Viatris: cheap stocks, solid dividend yield, impressive free cash flow (NASDAQ: VTRS)
A lot of men are crazy, and no one knows it. They don’t know it themselves“- Agatha Christie, the secret adversary
Today we take an in-depth look at a large-cap drugmaker called Viatris (VTRS). The stock is selling below its trading levels when it debuted in the market in mid-2020. However, it is one of the few biopharma stocks to see a stock rally so far here in early 2022.
Viatris is based just outside of Pittsburgh. The company manufactures, markets and distributes branded and generic drugs as well as complex generics, biosimilars and active pharmaceutical ingredients (APIs) in the United States and around the world. The formation of Viatris was born from the combination of former Mylan and the Upjohn unit of Pfizer (PFE) in what was essentially a Pfizer spin-off that the FDA approved and put on the market with its new ticker symbol in late 2020. Currently, the stock is trading just above $15.00 per share and has a capitalization stock market just north of $18 billion.
Third Quarter Highlights:
The company has a complex product portfolio with dozens of products. Its product line includes generic drugs, complex compounds and biosimilars as well as branded drugs such as Lipitor, Viagra and EpiPen. This mix appears to be working for Viatris, as the company reported strong third quarter results in the second week of November.
It’s hard to find much fault with the quarterly numbers that Viatris delivered across the board. The company posted GAAP net income of $312 million in the quarter. Revenue rose more than 50% from the same period a year ago to $4.52 billion as it consolidated its business segments. Management also took the opportunity to raise the forecast for the 2021 financial year on many parameters. It did the same with the second quarter results, it should be noted.
What stands out for me is the free cash flow generated by the business. At the midpoint of recent guidance, the company is expected to produce $2.5 billion in free cash flow for the year, giving the stock a free cash flow yield in the low teens.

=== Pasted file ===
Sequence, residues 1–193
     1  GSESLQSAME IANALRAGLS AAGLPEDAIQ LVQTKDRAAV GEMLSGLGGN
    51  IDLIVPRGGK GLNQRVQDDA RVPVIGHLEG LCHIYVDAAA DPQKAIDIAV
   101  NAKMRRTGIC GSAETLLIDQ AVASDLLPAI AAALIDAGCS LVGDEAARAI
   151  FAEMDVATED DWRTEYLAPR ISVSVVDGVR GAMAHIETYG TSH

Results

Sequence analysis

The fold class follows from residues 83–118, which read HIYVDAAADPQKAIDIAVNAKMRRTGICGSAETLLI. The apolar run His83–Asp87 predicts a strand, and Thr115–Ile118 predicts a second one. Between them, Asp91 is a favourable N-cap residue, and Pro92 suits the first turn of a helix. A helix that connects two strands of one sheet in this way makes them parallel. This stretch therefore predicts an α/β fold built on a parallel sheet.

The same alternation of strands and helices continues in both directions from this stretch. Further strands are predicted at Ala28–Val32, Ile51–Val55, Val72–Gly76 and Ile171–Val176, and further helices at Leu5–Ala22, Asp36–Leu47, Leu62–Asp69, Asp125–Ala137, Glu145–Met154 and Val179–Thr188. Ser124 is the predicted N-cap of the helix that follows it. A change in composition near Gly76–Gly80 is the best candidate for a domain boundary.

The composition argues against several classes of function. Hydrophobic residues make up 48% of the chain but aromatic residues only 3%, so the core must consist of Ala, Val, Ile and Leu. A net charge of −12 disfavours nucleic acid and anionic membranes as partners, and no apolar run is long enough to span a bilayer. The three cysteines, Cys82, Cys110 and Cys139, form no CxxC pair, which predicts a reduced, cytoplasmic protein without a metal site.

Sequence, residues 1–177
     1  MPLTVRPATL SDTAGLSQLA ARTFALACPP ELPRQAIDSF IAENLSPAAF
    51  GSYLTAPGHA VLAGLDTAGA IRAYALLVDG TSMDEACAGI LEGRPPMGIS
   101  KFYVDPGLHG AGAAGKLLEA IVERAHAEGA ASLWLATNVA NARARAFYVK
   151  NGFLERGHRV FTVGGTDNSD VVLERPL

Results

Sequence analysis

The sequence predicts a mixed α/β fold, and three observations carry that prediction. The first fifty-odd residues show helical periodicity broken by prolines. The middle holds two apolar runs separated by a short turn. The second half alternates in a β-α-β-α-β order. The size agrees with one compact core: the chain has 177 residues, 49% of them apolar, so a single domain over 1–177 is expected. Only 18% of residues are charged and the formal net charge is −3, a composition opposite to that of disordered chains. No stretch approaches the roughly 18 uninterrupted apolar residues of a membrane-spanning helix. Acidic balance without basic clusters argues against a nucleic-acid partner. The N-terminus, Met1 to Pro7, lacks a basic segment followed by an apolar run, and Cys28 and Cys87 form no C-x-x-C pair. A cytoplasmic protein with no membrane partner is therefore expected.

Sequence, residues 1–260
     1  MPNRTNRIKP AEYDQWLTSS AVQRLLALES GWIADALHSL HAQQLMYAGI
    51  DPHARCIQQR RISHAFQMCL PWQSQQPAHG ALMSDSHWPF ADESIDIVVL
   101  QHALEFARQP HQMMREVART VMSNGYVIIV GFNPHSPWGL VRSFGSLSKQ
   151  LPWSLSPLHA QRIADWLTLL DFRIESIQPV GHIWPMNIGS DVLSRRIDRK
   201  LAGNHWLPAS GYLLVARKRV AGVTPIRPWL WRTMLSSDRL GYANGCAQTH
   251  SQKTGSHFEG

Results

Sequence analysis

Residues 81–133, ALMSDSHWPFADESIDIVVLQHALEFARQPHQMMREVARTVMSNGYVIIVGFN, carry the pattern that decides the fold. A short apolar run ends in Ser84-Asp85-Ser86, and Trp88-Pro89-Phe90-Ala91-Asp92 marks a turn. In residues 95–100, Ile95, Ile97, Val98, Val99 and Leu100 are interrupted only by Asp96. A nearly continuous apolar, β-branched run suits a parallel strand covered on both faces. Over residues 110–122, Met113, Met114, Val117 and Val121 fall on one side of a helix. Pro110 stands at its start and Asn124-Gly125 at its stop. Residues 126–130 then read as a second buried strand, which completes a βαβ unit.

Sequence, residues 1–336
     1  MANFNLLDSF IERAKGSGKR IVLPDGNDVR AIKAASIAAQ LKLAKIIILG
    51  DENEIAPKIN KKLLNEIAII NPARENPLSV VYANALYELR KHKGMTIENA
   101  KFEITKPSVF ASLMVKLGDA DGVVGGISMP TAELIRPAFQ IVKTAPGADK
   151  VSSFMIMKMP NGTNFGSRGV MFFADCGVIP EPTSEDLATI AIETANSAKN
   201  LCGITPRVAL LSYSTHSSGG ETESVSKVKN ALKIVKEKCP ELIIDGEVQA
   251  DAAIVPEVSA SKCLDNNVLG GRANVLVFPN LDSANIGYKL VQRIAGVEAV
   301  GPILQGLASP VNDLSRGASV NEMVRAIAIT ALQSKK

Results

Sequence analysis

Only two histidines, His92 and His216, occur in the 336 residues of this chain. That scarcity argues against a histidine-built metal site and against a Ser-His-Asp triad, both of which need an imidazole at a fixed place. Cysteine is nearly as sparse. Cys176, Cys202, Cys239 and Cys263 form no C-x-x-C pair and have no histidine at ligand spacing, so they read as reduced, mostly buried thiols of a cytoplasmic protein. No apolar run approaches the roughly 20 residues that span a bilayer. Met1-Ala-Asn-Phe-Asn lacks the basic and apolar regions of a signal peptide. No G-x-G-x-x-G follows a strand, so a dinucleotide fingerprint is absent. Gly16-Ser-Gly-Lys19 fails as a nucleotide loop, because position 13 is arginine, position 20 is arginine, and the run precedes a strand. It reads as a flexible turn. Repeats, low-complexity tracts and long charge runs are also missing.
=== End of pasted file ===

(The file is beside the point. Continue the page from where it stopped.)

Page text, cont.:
Viatris used this free cash flow mainly in 2021 to pay down debt on its balance sheet. The company also pays quarterly dividends to its shareholders. In early January, Viatris announced that it would increase its quarterly payment by 9%. At current trading levels, the stock is yielding 3.2% on the annual payout after its recent dividend hike.
Analysts’ comments and review:
The analyst community has mixed opinions about Viatris. Over the past year, six analyst firms, including Goldman Sachs and Piper Sandler, have either launched or downgraded the name to Hold. The price targets offered by the pessimists range from $15 to $18 per share. Half a dozen analyst firms, including Barclays and Credit Suisse, have also reissued buy ratings on VTRS. The price targets offered by optimists range from $19 to $24 per share. It should be noted that analysts have become more bullish on the stock in recent months as the last five analyst firms to step in have issued buy ratings.
The company produced an impressive free cash flow of more than $2.2 billion in the first nine months of its 2021 fiscal year. At the end of September, the company had nearly $900 million in cash. and marketable securities on its balance sheet versus just under $1.9 billion in long-term debt. The company used free cash flow to pay down $1.9 billion of debt in fiscal 2021, as also mentioned in a previous section.
It looks like Viatris had a good year in 2021. However, the current consensus calls for the company to post stable earnings and revenue growth in fiscal year 2022. Expectations are around $3.75 per share of earnings for fiscal years 2021 and 2022. That values VTRS at just four times earnings at current trading levels, in addition to a dividend yield north of 3%. Even taking net debt into account, if one evaluates a 10% free cash yield based on cash flow generation in fiscal year 2021, VTRS should trade in the $20 range.
Management has declared this currently in Phase I of its plan for the resurgent company. In this phase, leadership focuses on deleveraging, debt repayment, dividend growth and achieving integration and synergies. This phase is expected to be the main focus of the company from 2021 to 2023.
Phase II will be more about delivering from their pipeline and moving up the value chain to more sustainable, longer lifecycle products that will hopefully add a growth engine to what is now a value game . In December, there was speculation that Viatris was in preliminary talks with India’s Biocon to combine its Mylan unit and merge their biosimilar businesses. According to these sources, the combined company may seek an IPO of around $10 billion in the future. Not much new has emerged on this front in 2022, but it’s something to watch. In early 2021, there were rumors that Viatris was looking to do the same with Merck (MRK) business in this space, but nothing came of it.
I took a first position in VTRS via a covered call strategy using July $15 call strikes. This provides me with a solid option premium and two dividend payouts over the life of the option and should provide total return in the low teens, even if the stock does nothing. This strategy is consistent with producing consistent singles in an overvalued market, and it’s hard to see much downside in VTRS at current trading levels.
Passion often drives the most intelligent man mad, and makes the greatest madmen intelligent..” – François de La Rochefoucauld
Bret Jensen is the founder and author of articles for the Biotech Forum, the Busted IPO Forum and the Insiders Forum